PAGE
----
Comment of the Day: Lost in the Nozone

COMMENT OF THE DAY: LOST IN THE NOZONE “It always strikes me as odd that most major developers who operate in Houston also operate in cities with strict zoning, determined planning, and even architectural review boards with much success, but some Houstonians continue to think that they will abandon this city if we enact any of the same. They are clueless. Post Properties wrote Houston off in part because of the lack of stricter planning guidelines – which resulted in their Midtown project becoming an island of urban living surrounded by parking lots and suburban style development. (CVS, are you listening) . . . Midtown has become a mishmash of disjointed development with the opportunity for creating the city’s best urban environment lost for decades. The same debacle is happening right now in the Washington Corridor. Area groups have fought for years to get the city to enact and enforce very basic planning guidelines for Washington Ave like wider walkable sidewalks of 6′-8′ instead of 3′, and guidelines to bring storefronts to the streetfront instead of parking lots. A couple of developers have instituted these features on their own, but most have not, so once again we have an area that looks very disjointed, is confusing to navigate, and very unfriendly to the many people who would like to park once and walk between the many new businesses. . . .” [John, commenting on Extending Metro’s Main St. Rail Line to Fort Bend County]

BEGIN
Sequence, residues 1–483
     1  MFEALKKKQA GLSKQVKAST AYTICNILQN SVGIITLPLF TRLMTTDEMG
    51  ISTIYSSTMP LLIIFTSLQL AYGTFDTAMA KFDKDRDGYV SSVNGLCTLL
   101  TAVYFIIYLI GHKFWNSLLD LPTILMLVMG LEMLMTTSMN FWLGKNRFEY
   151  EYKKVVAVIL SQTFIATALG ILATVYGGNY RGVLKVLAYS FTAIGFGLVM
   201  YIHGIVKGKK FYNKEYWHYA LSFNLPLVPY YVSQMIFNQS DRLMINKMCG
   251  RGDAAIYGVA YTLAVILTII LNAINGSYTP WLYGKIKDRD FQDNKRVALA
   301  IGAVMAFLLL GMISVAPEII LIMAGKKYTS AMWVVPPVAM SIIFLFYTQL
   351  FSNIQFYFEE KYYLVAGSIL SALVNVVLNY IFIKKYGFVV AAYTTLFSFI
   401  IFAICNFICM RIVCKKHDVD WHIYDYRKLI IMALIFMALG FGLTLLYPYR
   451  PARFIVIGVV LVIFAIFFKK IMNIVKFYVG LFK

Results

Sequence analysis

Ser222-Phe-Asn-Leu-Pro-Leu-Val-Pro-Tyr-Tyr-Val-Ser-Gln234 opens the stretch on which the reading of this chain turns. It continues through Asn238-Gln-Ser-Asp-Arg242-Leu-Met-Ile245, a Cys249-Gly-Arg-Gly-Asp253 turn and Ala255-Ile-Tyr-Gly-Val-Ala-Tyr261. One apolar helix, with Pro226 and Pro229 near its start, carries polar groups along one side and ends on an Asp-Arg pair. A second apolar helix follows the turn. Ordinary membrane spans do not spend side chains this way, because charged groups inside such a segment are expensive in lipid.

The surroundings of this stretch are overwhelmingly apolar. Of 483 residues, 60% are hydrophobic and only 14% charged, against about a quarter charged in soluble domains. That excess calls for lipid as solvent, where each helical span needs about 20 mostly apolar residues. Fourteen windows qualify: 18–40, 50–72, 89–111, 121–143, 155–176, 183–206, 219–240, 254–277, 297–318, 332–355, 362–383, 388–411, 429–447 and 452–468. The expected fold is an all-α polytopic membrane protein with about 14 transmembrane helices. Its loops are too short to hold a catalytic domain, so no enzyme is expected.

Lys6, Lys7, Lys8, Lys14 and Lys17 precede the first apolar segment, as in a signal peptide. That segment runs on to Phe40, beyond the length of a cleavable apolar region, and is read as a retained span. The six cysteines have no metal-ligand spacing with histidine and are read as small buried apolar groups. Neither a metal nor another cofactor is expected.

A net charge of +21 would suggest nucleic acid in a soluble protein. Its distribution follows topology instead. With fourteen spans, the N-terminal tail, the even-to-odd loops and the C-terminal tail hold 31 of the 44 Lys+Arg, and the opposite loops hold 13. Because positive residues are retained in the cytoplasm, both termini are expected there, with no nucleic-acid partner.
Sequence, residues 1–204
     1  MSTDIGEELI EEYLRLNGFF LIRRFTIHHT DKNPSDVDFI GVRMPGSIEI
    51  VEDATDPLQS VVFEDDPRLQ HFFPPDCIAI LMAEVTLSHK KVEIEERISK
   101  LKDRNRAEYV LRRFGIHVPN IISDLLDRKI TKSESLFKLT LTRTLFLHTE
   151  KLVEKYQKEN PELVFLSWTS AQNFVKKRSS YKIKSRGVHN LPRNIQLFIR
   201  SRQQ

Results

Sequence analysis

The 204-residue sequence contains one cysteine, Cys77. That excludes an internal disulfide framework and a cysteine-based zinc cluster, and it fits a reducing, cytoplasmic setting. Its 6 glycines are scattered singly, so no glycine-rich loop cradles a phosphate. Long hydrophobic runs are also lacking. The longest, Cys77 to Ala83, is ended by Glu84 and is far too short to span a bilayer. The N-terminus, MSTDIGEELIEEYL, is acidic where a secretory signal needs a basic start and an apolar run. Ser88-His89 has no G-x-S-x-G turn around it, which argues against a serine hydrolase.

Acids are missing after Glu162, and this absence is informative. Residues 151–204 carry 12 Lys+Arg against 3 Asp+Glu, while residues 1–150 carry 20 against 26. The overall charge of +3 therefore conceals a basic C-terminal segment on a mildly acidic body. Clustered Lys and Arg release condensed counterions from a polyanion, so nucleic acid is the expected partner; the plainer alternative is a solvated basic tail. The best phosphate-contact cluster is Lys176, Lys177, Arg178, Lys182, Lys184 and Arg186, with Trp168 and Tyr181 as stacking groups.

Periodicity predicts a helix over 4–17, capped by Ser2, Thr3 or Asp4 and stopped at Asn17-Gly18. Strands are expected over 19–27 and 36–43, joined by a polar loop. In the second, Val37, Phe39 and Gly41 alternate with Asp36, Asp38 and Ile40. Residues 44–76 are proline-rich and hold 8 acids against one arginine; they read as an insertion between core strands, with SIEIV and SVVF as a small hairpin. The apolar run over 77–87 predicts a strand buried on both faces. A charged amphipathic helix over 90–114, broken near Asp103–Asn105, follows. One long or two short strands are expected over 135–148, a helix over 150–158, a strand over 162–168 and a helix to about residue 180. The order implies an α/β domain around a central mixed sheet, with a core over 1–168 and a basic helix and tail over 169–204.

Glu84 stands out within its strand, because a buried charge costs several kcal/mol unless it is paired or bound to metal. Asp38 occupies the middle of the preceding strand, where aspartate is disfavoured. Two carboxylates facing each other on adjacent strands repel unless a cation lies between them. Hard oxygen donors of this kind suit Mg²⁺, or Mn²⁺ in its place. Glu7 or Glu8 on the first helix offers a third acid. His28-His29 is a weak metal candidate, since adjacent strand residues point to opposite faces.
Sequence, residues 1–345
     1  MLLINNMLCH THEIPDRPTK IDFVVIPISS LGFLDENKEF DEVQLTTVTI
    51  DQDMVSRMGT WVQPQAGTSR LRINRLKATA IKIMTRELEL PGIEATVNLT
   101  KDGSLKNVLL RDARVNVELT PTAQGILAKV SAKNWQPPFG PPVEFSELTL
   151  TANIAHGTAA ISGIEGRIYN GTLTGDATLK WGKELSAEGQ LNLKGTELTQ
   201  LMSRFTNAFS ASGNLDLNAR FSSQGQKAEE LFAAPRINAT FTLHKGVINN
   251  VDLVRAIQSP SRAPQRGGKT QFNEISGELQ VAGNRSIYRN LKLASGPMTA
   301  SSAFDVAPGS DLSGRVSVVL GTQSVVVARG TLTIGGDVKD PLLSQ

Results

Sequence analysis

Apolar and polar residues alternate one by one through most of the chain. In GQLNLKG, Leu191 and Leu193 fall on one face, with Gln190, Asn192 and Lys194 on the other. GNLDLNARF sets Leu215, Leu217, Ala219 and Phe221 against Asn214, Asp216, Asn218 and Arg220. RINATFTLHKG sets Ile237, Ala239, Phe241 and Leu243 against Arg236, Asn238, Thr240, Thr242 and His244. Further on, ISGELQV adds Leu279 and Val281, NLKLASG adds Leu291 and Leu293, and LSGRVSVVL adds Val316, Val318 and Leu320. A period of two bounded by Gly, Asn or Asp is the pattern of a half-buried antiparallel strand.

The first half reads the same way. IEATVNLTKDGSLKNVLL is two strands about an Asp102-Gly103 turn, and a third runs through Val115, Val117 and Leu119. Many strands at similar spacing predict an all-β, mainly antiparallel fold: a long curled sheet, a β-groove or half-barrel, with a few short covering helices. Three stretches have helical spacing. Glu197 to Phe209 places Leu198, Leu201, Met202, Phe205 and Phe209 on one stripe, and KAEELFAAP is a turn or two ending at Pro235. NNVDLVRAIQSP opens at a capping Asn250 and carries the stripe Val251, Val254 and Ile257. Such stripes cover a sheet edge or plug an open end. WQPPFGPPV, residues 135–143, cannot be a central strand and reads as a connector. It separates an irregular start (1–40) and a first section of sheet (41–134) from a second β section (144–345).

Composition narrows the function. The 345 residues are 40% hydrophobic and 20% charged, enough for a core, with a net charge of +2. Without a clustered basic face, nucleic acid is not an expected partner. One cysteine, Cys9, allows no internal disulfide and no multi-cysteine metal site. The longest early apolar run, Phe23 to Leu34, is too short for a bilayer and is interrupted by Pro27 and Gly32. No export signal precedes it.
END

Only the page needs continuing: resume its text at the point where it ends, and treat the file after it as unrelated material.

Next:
3 Comment

  • Well said, but all who favor planning continue to tilt at windmills. Apparently there are enough people who willingly live in ugly, confusing, disjointed neighborhoods to turn a profit.
    I suspect this helps a lot of developers; the ones whose sales pitch is a “planned community.”

  • If we can’t have a Brave New World, at least we can have a Brave New Houston!

    If we can’t have ‘planned society’, at least we can have a ‘planned community’!